If that all sounds crazily idiotic then, well, that’s precisely the way it’s played. Pretty much every one of the game’s areas features a puzzle requiring you to trick, distract, or appease some subnormal who refuses to grant you access to the next area for some ludicrously pointless reason. There’s a running gag involving a stick that pops up in every area and keeps getting discarded. There is a ferry run by a fairy (the kind with wings and a wand) who’s also flagrantly homosexual; which has to earn points for complexity as puns go. At one point, you’ll be kidnapped by a yeti with a 1970’s Hugh Hefner style bachelor cave.

The solution to most of the puzzles involves collecting ingredients for various alchemical potions, which is a clever enough gimmick that makes for a lot more puzzle coherency as compared to the first game. Even when you have no idea why you would need a "teddy bear potion", the fact that you just learned how to make one is a solid indication you should start hunting for the appropriate ingredients.

This isn’t to say the game quite abandons the cruelty factor of the first one. You’ll have to wander a large, graphically redundant volcano map collecting randomly placed rocks and seashells, which are used as currency by the island’s inhabitants. There aren’t enough of the items placed around to give you as many as you need, but they do respawn; which of course means you’ll have to make several circuits. But, this time, the whole stupid "puzzle" is part of a gag on the player that predates Annoyotron by about five years.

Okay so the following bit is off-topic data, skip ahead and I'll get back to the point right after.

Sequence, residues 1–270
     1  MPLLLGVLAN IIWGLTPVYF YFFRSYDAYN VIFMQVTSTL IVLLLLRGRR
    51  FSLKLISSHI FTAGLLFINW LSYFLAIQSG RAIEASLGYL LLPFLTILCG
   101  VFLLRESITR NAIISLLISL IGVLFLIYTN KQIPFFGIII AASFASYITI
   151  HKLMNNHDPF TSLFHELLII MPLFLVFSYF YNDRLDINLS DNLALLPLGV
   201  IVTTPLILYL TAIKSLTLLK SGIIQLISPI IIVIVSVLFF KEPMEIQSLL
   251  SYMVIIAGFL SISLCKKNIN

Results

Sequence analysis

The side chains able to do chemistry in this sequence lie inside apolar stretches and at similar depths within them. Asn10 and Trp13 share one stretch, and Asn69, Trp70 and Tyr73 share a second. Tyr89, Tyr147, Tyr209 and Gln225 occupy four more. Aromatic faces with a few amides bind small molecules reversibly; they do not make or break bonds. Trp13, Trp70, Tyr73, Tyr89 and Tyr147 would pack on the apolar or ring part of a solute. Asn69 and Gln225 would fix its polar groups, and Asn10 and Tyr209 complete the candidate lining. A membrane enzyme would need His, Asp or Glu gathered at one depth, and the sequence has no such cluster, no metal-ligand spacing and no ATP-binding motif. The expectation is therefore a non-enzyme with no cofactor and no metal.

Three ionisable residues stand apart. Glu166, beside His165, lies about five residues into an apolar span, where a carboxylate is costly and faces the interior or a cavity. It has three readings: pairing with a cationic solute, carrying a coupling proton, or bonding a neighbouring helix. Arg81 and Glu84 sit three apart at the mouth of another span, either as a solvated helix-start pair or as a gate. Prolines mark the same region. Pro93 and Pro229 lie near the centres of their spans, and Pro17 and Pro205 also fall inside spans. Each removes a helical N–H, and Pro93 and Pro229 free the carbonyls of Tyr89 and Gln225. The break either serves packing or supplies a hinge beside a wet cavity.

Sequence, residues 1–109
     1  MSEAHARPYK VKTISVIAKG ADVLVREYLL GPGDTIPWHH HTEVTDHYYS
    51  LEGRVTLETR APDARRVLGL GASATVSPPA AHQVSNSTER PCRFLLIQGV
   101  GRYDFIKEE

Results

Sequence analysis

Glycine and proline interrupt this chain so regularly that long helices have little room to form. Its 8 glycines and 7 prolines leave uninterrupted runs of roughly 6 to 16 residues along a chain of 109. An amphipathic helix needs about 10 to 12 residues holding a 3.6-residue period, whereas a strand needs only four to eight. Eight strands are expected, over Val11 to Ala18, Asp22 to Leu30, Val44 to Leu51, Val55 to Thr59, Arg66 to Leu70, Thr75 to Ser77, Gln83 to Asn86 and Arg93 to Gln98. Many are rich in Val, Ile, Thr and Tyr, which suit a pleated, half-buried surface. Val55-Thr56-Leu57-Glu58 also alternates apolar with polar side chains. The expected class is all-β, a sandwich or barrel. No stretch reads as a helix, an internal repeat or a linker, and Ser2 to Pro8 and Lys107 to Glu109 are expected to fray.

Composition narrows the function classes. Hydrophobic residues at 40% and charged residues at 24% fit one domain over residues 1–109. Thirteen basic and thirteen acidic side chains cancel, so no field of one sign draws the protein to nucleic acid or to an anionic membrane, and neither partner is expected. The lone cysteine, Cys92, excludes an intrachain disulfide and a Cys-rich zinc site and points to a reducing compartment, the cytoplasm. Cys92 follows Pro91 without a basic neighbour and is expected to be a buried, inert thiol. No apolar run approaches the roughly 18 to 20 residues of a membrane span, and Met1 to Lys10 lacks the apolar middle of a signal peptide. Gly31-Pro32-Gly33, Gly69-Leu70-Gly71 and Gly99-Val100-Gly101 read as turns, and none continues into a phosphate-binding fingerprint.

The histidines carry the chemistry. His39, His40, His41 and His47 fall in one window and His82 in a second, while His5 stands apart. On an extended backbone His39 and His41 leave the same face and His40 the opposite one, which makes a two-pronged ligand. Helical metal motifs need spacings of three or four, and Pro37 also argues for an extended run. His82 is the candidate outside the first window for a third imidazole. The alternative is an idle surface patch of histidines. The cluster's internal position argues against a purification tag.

As you might have guessed, I like this game a lot better than the first one. It’s probably not for everyone, but it takes the series in an odd new direction. But even this is only a predecessor for what’s to come.

Simple Rating
8.0 / 10

If you like Lucasarts games and don’t mind suffering through the game’s crueler portions, you’ll like this game.

7.5 / 10

Absolutely ludicrous, but that’s kind of the point. The writing’s pretty fun.

8.5 / 10

No real deviation from the first game here, which is fine.

Puzzle Quality
7.0 / 10

Nothing spectacular.

Parser Responsiveness


Ah, yes, here we come to the climactic… uh… climax. A crazy, beautiful lambaste of the previous games and the adventure genre in general. My most favoritest adventure game ever.

So, anyway, here’s the story: At the end of the first game, Malcolm was trapped by his own magic inside a stone statue, and dumped on a trash heap behind the castle. Now, a fortuitously-placed lightning bolt has set him free to perpetuate his revenge on the Prince Brandon and Kallak, and maybe prove that he wasn’t the one who killed the old king and queen. You play Malcolm.